For modern businesses seeking to stay competitive while keeping costs low, the IT environment of choice is likely to be hybrid — a combination of on-premises and cloud services. By using a diverse mix of services from several cloud providers alongside in-house systems, IT departments are able to build the right blend of infrastructure elements to suit their company's individual needs and manage business processes in the most efficient way possible.
IT teams would be forgiven for thinking the price of this best-of-breed hybrid approach is greater complexity, but it doesn't have to be.
There's no denying that running workloads and applications across both cloud and on-premises infrastructure has its challenges. While this type of hybrid IT environment may offer greater flexibility at a lower cost, there's a risk that it will create a need for greater manual overhead, as IT professionals spend longer adapting workloads and environments to make sure tasks still run smoothly with every change to the local or hosted environment.
And, as new infrastructure elements are rolled out across different providers, there's the risk that a silo will spring up around it, with specific processes and tools for that service that end up making the IT department to-do list even longer. Managing so many different elements can easily become a time-consuming and frustrating experience for IT staff.
But, that complexity, and the burden of managing it, doesn’t necessarily need to fall on the shoulders of IT professionals themselves. Using automation technology can allow IT teams to maximize results from hybrid environments without adding to their own workloads in the process.
Workload automation gives the IT department the ability to create, schedule, and manage increasingly complex tasks across any number of on-premises, public and private cloud, and containerized environments.
But it’s more than just using traditional legacy job scheduling tools. Today's workload automation software comprises highly sophisticated tools that help IT teams streamline business processes. Because the latest generation of workload automation platforms is designed to help IT departments make the most of hybrid IT environments, they're fully compatible with cloud-native infrastructure and applications architecture. For businesses that use a range of clouds from external providers, workload automation can help by allowing applications to be moved to and from cloud platforms without complex configuration work.
By taking on complicated tasks over diverse infrastructure securely and seamlessly, workload automation helps reduce the resources IT departments spend managing repetitive and often manual infrastructure tasks and speeds up provisioning.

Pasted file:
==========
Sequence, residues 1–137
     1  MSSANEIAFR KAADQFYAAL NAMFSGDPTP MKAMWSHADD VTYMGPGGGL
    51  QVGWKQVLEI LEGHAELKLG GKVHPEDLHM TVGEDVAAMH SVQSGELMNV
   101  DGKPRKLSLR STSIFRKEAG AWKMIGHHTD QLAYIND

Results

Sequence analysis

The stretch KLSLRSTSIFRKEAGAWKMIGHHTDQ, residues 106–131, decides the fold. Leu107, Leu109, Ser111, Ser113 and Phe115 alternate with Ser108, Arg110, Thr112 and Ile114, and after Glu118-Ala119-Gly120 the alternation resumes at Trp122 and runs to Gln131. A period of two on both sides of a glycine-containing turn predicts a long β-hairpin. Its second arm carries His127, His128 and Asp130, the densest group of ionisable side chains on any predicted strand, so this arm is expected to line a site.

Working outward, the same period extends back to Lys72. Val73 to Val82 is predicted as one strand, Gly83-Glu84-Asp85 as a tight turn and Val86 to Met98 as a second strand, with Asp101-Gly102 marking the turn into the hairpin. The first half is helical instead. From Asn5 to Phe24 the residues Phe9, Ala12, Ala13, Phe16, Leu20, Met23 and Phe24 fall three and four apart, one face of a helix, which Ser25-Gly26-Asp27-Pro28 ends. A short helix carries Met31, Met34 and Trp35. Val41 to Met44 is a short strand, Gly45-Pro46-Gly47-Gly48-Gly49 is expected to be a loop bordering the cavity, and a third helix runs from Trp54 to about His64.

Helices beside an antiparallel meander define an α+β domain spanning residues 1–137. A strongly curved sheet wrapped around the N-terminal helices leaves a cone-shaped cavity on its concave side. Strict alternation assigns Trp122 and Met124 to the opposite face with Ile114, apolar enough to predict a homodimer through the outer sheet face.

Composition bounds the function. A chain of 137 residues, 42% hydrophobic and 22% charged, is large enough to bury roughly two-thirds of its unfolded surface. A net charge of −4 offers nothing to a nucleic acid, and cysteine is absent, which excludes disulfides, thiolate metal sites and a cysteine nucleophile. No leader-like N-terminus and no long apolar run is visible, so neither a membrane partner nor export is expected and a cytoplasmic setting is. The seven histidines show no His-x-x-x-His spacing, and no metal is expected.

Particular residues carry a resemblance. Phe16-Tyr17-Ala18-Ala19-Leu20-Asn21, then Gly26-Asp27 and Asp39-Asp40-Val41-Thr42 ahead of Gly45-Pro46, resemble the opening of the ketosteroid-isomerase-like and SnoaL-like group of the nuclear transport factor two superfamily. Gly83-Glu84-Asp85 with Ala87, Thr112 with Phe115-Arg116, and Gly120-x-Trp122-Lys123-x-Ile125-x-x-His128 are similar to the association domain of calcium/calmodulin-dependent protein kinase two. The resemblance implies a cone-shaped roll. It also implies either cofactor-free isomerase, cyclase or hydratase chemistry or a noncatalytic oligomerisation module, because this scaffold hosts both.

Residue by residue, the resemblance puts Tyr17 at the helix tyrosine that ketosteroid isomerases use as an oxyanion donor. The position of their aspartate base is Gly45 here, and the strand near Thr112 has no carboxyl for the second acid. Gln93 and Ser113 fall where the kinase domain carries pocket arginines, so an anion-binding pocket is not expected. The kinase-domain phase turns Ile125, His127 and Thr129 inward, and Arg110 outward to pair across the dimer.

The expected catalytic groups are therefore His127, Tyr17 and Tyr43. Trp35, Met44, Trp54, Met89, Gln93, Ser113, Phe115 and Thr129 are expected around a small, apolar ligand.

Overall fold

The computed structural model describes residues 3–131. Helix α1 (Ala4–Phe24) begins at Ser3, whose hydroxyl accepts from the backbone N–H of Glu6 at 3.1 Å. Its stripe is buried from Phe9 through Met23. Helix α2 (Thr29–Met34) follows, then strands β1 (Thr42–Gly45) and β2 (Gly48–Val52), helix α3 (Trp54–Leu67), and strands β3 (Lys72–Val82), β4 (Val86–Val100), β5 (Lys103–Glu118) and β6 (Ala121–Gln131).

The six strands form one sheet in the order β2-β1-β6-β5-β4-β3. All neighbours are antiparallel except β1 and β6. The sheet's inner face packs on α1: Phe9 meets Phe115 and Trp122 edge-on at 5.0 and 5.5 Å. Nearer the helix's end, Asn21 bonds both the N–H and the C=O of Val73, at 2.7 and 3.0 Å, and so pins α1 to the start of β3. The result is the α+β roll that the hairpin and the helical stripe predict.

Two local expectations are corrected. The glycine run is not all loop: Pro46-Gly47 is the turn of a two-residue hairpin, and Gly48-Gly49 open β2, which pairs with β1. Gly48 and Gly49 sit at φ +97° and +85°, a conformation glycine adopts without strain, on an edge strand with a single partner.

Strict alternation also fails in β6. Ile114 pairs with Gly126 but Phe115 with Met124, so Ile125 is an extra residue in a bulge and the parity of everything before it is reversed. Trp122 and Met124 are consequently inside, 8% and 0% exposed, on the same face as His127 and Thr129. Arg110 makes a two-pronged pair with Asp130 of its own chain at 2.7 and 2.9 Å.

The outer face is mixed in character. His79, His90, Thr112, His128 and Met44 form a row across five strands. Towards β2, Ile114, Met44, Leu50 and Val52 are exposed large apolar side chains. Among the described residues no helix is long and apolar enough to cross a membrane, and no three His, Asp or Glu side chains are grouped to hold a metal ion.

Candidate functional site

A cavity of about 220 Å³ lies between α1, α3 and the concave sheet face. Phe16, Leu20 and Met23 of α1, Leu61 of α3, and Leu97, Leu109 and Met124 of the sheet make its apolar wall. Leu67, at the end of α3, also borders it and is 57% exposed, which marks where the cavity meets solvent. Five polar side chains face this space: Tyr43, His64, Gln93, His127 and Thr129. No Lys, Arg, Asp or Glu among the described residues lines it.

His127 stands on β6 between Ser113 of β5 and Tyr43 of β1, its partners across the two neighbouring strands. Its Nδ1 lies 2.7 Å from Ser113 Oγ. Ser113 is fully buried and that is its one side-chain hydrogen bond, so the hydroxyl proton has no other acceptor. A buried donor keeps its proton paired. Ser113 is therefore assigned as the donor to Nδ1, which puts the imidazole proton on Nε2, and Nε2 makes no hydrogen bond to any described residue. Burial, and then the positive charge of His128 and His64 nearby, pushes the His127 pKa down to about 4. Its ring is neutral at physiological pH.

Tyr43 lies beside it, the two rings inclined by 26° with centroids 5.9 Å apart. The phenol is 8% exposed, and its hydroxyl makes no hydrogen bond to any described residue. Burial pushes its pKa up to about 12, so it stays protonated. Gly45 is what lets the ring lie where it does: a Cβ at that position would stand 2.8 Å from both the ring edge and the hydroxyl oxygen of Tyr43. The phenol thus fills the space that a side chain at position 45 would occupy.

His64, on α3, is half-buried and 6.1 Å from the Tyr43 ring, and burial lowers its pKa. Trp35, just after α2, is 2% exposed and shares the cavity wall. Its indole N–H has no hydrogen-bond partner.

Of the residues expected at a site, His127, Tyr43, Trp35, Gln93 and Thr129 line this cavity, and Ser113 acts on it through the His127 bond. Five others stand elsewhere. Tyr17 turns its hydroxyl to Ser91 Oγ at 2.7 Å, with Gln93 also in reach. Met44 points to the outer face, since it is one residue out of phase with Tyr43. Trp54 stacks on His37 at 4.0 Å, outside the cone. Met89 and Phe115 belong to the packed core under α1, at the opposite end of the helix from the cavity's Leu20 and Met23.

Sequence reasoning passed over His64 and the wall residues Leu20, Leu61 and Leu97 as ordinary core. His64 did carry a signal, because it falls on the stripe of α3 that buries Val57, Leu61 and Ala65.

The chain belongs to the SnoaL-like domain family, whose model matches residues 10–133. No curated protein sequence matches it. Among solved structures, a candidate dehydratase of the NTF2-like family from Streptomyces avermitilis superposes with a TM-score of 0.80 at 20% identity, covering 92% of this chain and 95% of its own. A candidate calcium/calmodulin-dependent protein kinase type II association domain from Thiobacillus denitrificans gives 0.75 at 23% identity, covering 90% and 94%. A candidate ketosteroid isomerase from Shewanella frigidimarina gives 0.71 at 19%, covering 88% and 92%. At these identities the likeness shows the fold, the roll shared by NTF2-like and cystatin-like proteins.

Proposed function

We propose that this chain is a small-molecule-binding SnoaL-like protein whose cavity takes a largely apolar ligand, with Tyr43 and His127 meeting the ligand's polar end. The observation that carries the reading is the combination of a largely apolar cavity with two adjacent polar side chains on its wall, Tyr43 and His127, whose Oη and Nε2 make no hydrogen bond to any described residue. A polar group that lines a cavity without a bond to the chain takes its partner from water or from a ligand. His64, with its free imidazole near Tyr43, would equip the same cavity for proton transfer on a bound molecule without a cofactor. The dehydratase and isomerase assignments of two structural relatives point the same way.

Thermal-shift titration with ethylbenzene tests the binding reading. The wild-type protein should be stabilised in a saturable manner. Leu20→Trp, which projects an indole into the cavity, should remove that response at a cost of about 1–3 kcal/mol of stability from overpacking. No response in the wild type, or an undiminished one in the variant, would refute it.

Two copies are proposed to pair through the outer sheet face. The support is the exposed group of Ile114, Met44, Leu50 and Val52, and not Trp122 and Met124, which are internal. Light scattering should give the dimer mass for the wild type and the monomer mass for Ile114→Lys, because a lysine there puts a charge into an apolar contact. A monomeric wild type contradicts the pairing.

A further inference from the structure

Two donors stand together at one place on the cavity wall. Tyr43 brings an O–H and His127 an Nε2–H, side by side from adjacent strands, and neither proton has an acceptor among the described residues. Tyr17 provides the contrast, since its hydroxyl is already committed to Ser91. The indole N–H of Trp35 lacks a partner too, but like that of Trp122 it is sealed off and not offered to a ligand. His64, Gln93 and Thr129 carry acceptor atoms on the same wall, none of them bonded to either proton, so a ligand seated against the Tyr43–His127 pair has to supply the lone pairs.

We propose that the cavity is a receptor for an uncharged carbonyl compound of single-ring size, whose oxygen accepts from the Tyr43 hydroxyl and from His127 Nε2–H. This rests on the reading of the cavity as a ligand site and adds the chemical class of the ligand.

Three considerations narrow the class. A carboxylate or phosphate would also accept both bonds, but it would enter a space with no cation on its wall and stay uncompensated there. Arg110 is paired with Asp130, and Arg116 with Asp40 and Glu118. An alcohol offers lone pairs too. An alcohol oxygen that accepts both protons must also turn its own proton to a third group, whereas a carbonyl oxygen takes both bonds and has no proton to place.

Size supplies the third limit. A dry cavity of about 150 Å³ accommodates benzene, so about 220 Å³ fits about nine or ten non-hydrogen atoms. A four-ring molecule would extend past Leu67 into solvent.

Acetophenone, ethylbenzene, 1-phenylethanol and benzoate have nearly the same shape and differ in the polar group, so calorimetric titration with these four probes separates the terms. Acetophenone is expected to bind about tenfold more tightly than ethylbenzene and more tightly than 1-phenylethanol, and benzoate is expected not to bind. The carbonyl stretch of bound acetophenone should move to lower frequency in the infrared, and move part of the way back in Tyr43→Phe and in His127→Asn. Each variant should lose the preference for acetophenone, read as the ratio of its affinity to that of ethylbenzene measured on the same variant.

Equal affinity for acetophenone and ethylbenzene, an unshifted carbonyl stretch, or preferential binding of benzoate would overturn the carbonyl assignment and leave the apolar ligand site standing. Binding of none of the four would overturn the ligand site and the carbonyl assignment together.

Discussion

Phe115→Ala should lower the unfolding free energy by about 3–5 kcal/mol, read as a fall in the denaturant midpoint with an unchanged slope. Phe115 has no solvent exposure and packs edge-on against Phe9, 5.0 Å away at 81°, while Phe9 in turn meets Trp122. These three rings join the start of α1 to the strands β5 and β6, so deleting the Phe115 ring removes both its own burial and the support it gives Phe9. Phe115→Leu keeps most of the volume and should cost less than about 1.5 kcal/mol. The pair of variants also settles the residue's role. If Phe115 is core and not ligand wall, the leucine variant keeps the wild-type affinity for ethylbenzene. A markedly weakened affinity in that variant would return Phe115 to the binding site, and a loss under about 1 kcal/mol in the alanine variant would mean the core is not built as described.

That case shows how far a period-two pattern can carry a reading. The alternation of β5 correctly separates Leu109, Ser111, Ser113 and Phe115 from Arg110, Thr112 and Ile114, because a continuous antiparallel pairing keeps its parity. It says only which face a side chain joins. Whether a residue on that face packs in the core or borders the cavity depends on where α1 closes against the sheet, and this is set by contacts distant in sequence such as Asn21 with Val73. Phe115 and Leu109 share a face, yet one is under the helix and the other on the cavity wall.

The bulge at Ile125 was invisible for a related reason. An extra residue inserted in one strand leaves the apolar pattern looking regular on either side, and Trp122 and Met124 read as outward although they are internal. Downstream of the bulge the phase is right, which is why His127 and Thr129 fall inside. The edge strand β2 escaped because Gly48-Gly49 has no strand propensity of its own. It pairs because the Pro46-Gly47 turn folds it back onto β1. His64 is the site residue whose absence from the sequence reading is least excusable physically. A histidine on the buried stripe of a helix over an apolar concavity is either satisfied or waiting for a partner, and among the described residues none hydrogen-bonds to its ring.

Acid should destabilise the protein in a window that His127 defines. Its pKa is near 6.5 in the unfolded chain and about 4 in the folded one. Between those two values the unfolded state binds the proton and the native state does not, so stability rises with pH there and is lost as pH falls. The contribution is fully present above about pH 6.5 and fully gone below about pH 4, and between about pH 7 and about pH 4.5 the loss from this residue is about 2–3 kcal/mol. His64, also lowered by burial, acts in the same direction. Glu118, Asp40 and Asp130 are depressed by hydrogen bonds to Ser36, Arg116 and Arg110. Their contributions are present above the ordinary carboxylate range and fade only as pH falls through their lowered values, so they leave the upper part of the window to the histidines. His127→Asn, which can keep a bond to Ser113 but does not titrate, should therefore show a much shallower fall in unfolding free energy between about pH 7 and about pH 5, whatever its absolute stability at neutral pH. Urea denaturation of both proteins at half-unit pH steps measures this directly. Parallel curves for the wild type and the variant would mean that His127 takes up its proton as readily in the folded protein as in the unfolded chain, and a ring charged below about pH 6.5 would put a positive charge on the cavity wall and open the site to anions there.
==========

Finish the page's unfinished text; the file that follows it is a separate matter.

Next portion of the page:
Moving to a hybrid IT environment often comes as part of a large-scale digital transformation program, with workloads running in multiple environments simultaneously. Workload automation can help IT teams here, too, by enabling parallel environments to run smoothly during the transition process and coordinating and integrating legacy applications with their current-generation counterparts.
The more moving parts an IT infrastructure has — and hybrid environments often have more than most — the greater the IT department's need for clear oversight of processes wherever they're running. Workload automation offers an effective way for IT teams to maintain overall insight into business processes despite an increasingly diverse IT estate. With tools like unified administration consoles and task status monitoring, IT professionals can easily see the status of their business processes. Additionally, event-driven workflows, exposed APIs, and new-event alerts mean staff always have insight into and control over how their infrastructure is running.
Another way that workload automation can help to tame the complexity associated with hybrid infrastructure is by reducing the sprawl that such environments can generate. Due to the scalability of cloud resources, IT and other business units can deploy new infrastructure elements easily and almost limitlessly. But without workload automation, these assets may remain in place long after they're needed. By helping IT professionals manage workload life cycles and decommission unneeded resources, workload automation can spare IT teams from doing the same thing manually while reducing inefficiencies and unnecessary spend.
Hybrid environments may be more complex, but that doesn't necessarily mean they're more of a burden for IT departments. Many of the difficulties associated with hybrid IT can be dealt with or minimized through the smart use of workload automation. It can reduce the time and effort it takes IT departments to keep the lights on, enabling them to spend more time on doing what IT teams do best: using technology to effectively deliver on business outcomes.